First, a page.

$2.5 Million From Arizona Moves International Dark Sky Discovery Center to Phase Two

With $2.5 million in the state budget allocated to the International Dark Sky Discovery Center (IDSDC), the project now moves to Phase Two. Joe Bill, IDSDC President said, “Our entire Board is deeply grateful for Representative John Kavanagh’s tireless efforts on our behalf. By working to inform his legislative colleagues how the IDSDC will be a state-wide asset, he secured funding support that will enable us to advance to Phase Two.”

“Phase two is the detailed architectural design of this state-of-the-art, science-based facility,” stated Jerry Butler, the IDSDC Board member leading the architectural firm selection process.

The non-profit IDSDC, with 15,000 sq. ft., will have four distinct educational attractions. One is a Dark Sky Observatory with the largest telescope in the Greater Phoenix area.

Ted Blank, the IDSDC Vice President is particularly excited about the observatory and stated, “We will offer public viewing to present breathtaking views of the moon, planets, nebula, galaxies, and other stellar objects. We will also have astrophotography, research, and broadcast capabilities.”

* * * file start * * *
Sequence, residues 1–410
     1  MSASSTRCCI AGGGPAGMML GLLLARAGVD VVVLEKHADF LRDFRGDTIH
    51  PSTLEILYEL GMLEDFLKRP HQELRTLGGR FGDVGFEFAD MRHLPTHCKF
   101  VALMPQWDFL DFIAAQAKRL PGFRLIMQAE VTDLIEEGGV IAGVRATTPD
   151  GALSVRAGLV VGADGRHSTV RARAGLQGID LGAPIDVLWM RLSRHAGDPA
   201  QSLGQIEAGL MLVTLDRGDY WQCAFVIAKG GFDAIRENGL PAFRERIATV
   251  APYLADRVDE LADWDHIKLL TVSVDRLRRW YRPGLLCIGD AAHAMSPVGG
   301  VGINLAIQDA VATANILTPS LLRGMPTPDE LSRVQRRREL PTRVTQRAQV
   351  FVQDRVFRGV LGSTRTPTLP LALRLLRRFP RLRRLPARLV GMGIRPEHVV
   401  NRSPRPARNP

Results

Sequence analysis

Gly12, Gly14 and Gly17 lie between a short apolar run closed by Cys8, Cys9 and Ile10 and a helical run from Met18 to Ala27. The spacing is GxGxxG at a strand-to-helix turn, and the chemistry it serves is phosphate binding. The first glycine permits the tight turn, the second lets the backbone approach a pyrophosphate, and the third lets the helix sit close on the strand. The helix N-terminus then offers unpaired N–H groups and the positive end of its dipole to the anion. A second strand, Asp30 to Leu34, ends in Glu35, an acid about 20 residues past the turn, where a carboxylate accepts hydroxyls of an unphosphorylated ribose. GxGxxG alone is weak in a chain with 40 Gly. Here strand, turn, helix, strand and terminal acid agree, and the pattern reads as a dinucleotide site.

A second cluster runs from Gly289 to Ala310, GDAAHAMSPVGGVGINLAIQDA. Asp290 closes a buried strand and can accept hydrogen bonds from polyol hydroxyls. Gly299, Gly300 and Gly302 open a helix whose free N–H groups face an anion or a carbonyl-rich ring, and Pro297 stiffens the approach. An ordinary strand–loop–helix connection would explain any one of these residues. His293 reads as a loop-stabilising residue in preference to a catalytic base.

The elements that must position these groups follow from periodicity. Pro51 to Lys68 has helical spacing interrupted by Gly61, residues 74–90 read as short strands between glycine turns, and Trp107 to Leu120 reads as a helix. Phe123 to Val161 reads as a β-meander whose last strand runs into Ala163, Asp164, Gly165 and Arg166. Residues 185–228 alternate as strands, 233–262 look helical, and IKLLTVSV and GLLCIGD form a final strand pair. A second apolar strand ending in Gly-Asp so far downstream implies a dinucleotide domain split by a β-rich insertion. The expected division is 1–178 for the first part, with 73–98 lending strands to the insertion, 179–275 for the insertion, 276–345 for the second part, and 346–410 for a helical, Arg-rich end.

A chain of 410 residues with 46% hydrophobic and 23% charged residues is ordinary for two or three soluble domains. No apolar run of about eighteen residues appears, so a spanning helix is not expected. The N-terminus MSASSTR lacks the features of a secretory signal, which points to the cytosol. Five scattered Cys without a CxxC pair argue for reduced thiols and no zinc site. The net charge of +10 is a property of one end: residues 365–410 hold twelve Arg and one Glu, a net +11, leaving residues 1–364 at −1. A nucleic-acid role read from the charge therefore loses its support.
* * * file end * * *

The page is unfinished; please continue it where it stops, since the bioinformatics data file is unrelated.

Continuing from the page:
The observatory’s capabilities for astrophotography and research have already attracted the interest of university leadership.

“Arizona State University looks forward to developing a collaborative relationship with the International Dark Sky Discovery Center,” said ASU president Dr. Michael Crow.

Interactive and mixed reality experiential and educational learning opportunities will be provided by the other three major IDSDC components: a Hyperspace Planetarium, an Inspiration Theater, and an Immersion Zone.

“The International Dark Sky Discovery Center is an exciting opportunity for students and amateur star-gazers alike,” said Arizona Gov. Doug Ducey. “The Center will be another tremendous asset to keep our state at the forefront of STEM education.”

The importance of educating the next generation is shared by Senator Mark Kelly, “As an engineer and former astronaut, I am excited to support the International Dark Sky Discovery Center’s mission to provide STEM education programs that will help inspire the next generation in the pursuit of space sciences and exploration.”

“Fountain Hills, which was designated in January 2018 by the International Dark Sky Association as the 17th International Dark Sky Community in the world,” said Mayor Ginny Dickey, “is the perfect location for the IDSDC in the Greater Phoenix area.”

“With about 25% of the funds now committed for this $20 million project,” said Bill, “we are hopeful that those who are capable of major donations will be inspired to help fund Phase Three and bring this exciting endeavor to life.”

The public can experience the IDSDC’s vision by viewing an inspiring three-minute video on the website homepage.


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